Researchers discover new way of 'locking up' radioactive material
Researchers at The University of Manchester have discovered that an iron oxide mineral, hematite, reacts with radioactive neptunium to 'lock it up' within its structure. This could have profound implications for the environmental behaviour of the radioactive contaminant, as it may offer a new way to clean up areas contaminated with radioactive material.
Neptunium is a synthetic radioactive element which is generated as a by-product in conventional nuclear power reactors. It has a long half-life, meaning it will be around for millions of years, and it is potentially very mobile in the environment. The team worked with colleagues at Diamond Light Source, the UK's national synchrotron light source, which harnesses the power of electrons to produce high-powered X-ray beams which can be used to study samples at the atomic level. There, they observed neptunium's behaviour during the formation of iron oxides particles, and found that it formed chemical bonds within the mineral structure. This indicates that it could be strongly bound within the mineral over a long period of time, potentially immobilising this environmental contaminant. The final outcome could mean that neptunium is locked up in the mineral for the long term.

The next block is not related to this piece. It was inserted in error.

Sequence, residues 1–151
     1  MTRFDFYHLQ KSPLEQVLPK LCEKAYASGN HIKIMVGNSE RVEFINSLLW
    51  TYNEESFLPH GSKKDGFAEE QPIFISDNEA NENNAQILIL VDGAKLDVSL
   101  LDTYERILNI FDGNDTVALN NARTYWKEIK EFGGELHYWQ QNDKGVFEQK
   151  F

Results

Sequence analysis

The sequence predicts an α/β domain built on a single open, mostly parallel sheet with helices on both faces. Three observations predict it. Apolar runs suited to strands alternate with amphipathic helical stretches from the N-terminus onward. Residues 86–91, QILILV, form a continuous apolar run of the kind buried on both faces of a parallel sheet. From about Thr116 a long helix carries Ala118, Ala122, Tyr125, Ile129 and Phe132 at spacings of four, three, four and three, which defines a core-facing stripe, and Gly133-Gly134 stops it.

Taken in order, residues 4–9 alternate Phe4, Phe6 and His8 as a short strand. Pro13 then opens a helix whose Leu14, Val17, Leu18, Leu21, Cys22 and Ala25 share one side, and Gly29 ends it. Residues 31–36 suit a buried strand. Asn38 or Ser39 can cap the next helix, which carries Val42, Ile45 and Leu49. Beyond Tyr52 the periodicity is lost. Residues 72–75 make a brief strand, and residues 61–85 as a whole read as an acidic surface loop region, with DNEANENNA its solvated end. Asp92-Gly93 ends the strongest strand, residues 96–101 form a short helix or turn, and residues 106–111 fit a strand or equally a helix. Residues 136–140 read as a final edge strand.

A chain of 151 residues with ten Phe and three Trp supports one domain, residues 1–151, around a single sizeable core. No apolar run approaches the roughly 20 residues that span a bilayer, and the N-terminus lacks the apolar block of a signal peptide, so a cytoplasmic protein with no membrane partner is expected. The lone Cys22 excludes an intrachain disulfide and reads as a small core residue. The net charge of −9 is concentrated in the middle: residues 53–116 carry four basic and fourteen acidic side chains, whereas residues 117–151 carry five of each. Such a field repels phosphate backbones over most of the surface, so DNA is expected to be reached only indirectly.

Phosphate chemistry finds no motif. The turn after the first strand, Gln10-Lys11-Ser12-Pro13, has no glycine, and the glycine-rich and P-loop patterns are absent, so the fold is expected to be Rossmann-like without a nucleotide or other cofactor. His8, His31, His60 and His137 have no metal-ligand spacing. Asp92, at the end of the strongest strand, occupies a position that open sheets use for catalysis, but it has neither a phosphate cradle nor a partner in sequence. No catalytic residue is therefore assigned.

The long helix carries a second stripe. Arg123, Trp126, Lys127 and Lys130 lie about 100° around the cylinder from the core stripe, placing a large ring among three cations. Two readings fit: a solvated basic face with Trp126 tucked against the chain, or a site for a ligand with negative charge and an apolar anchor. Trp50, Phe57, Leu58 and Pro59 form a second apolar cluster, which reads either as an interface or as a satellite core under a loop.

The team's paper, published this month in the Environmental Science & Technology journal, is part of a large research proposal funded by the Natural Environment Research Council which looked at geological disposal of radioactive wastes. Their work has also been aided by the STFC Environmental Radioactivity Network, enabling the team to perform the first experiments at Diamond on this radioactive element.
"With our colleagues based at Diamond Light Source, we worked hard to analyse the radioactive, neptunium containing samples. This paid off, as we confirmed for the first time that neptunium can be locked up in the structure of iron minerals. This offers fresh insights into its environmental behaviour and new pathways to lock up radioactive elements in contaminated waste streams and environmental systems, said Dr Katherine Morris (The University of Manchester), who executed the research.
"Using Diamond Light Source to analyse neptunium is helping us to understand how processes occurring at the atom scale can determine the environmental behaviour of this radioactive element," said Dr Sam Shaw, who worked with Dr Morris on the project.